Thanks for your thoughts and opinions.
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Posted 28 February 2013 - 01:00 AM
Lots of potential in these shots...and I'm sure if you look at them again...you would probably shoot them differently.
From a composition perspective (and you can take this critique with a pinch of salt- just my impressions :-))
1. You had the right idea with this scene-all the elements ware there- sun ball, nice foreground light on aspect wreck, and divers. I personally find it very hard to pull off this kind of thing.
Sun ball is a bit too bright- stop down aperture or speed next time???. Would have tried it in the vertical after shooting this -get more of the foreground in.... and see what I'd get. Also get more aspects of foreground in to balance everything up as per rule of thirds.
2. Super potential- but the shark is swimming away from you (maybe it was a grab shot?). Next time try getting your main subject swimming towards you. The background jacks are lovely.
3. As per 2. Turtle is going in wrong direction. As a viewer I want to see the turtle coming towards me/or in an orientation where I can see his face looking towards me. Also throttle back on your strobe power. Gorgonion seems a little over exposed.
Finally tho' - ur eye is in the right place my man- you've got the ingredients- just work them that little bit more, and work your camera- to get your cake with the icing.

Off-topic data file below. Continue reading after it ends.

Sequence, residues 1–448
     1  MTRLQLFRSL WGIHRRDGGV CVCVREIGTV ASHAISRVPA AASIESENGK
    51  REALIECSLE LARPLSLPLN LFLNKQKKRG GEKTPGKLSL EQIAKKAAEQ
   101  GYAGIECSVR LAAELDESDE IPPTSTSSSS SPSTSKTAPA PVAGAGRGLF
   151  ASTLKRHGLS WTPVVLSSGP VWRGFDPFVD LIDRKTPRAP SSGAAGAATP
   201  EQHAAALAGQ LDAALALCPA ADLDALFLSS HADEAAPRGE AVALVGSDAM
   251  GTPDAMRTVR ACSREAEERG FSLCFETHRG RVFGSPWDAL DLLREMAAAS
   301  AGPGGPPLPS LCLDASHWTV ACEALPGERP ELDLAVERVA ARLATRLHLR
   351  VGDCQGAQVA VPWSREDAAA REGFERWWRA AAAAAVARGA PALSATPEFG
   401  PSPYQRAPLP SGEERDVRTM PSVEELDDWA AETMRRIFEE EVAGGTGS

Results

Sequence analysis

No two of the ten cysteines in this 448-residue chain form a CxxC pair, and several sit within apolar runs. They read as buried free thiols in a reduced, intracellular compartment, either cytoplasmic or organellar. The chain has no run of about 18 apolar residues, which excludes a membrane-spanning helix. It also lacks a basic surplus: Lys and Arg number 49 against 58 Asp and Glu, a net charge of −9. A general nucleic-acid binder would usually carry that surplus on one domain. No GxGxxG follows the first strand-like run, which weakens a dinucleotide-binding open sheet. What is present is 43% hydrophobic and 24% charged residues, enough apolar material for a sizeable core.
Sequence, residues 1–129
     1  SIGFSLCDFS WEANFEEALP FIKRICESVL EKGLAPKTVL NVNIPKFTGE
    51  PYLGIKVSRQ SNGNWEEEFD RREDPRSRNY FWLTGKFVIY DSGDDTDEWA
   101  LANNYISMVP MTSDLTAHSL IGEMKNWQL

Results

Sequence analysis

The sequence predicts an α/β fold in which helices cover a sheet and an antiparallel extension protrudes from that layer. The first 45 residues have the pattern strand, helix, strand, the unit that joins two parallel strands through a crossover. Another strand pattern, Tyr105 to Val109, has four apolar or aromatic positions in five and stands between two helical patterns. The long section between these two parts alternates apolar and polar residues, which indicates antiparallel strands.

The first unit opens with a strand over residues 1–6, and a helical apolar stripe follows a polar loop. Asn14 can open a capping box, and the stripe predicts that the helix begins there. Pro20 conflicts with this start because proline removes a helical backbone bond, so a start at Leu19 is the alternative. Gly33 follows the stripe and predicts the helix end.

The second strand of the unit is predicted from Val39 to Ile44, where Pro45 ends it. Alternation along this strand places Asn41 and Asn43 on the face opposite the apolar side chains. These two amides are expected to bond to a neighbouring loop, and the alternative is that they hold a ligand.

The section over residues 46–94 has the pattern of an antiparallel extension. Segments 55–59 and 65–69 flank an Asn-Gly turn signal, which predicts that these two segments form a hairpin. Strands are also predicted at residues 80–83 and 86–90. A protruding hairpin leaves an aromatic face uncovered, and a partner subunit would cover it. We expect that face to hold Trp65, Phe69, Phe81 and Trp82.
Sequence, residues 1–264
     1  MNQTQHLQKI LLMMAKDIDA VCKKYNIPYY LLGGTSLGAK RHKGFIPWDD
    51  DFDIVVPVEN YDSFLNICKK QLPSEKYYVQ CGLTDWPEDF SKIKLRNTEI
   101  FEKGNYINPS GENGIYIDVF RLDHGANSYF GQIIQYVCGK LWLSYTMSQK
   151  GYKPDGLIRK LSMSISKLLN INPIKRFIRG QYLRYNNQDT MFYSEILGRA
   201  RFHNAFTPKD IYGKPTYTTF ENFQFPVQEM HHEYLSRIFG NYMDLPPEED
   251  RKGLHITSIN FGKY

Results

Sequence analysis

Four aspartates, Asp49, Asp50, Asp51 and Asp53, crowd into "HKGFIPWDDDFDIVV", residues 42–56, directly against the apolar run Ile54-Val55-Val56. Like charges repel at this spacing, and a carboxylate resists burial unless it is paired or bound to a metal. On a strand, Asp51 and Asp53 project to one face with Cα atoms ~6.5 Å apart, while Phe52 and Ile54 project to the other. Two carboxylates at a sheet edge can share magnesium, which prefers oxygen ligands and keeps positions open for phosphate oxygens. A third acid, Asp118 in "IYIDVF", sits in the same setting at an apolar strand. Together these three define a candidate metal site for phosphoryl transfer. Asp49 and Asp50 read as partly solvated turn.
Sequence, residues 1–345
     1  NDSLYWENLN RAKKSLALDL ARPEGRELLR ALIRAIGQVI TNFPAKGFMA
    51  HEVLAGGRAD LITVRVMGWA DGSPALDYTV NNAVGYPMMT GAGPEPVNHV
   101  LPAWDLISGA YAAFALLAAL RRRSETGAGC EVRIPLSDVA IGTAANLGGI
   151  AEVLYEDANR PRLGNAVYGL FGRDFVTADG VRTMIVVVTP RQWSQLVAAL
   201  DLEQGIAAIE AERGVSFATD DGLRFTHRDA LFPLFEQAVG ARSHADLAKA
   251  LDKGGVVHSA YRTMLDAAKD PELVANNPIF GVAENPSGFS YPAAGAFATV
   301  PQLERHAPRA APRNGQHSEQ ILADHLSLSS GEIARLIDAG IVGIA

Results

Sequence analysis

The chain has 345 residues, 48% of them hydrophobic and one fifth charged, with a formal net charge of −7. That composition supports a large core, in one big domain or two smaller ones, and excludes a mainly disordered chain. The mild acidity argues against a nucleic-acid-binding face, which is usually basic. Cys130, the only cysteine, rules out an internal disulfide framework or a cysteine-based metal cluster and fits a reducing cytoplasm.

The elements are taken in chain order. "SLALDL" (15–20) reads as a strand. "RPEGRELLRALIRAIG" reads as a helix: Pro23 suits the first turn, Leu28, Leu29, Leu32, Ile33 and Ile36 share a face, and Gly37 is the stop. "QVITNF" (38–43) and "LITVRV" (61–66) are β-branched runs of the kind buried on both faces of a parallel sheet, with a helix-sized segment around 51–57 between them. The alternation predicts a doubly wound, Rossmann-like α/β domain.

(Easier said than done- I know.)
Hope this helps
Posted 28 February 2013 - 09:33 AM
i agree, in the first shot the sunball is a bit too much, stopping it down a little would give a better effect in my opinion.
The 3rd photo is overexposed, lower the strobe power.
Great effort tough love seeing more pics.
Posted 02 March 2013 - 06:56 AM
You can't control the direction they're swimming, so no worries on that count...shoot them coming toward you if you can, but if you can't, shoot what's there and see what you can make of it.
My only new suggestion on the 2nd shot would be to crop it closer - lose the more distant top shark, and make the school of jacks a diagonal line from top left corner of frame to bottom right, placing the closer shark a little bit right of center, either in a widescreen sort of aspect ratio (16:9 or 16:10) or even crop a little closer to his fins as closer to a 3:2. You'll lose a lot of the frame, but I think the composition overall will look a lot better.
Most of the time for me it's making do with what I could get as well. I don't generally seem to have time to "plan" my shark and turtle encounters, either. Would take a whole lot more than 2-3 weeks diving a year to achieve that.
Current rig: Sony SLT-alpha55 in Ikelite housing, Sigma 105mm f2.8 DC Macro w/ Ike 5505.58 flat port or Sigma 8-16mm f/4.5-5.6 DC HSM behind UWCamStuff custom 5" mini-dome. Dual INON z240 Type IVs triggered with DS51 for TTL mimicry, or DS51 alone with home-made ringflash assy for macro.
Topside, unhoused: Sony SLT-alpha99,
Sigma 150-500mm + 1.4TC (Saving for Sony 70-400 G2), Sigma 15mm diagonal fish, Sony 24-70mm f2.8 CZ, Tamron 180mm f2.8 Macro...all the gear and nary a clue...
Posted 17 March 2013 - 11:39 AM
What camera are you using? The blue water is noisy, and detracts a little from images that have real potential.
Are you taking several versions, or just grabbing a snapshot? The sharks, for instance, seem to be circling and there may be several opportunities to get an image over ten or fifteen minutes if you can afford the time at depth.
Wrecks don't move, and if you can get the divers to circle, then you can set up just the shot that you want.
... well, you often have to settle for what the turtle wants.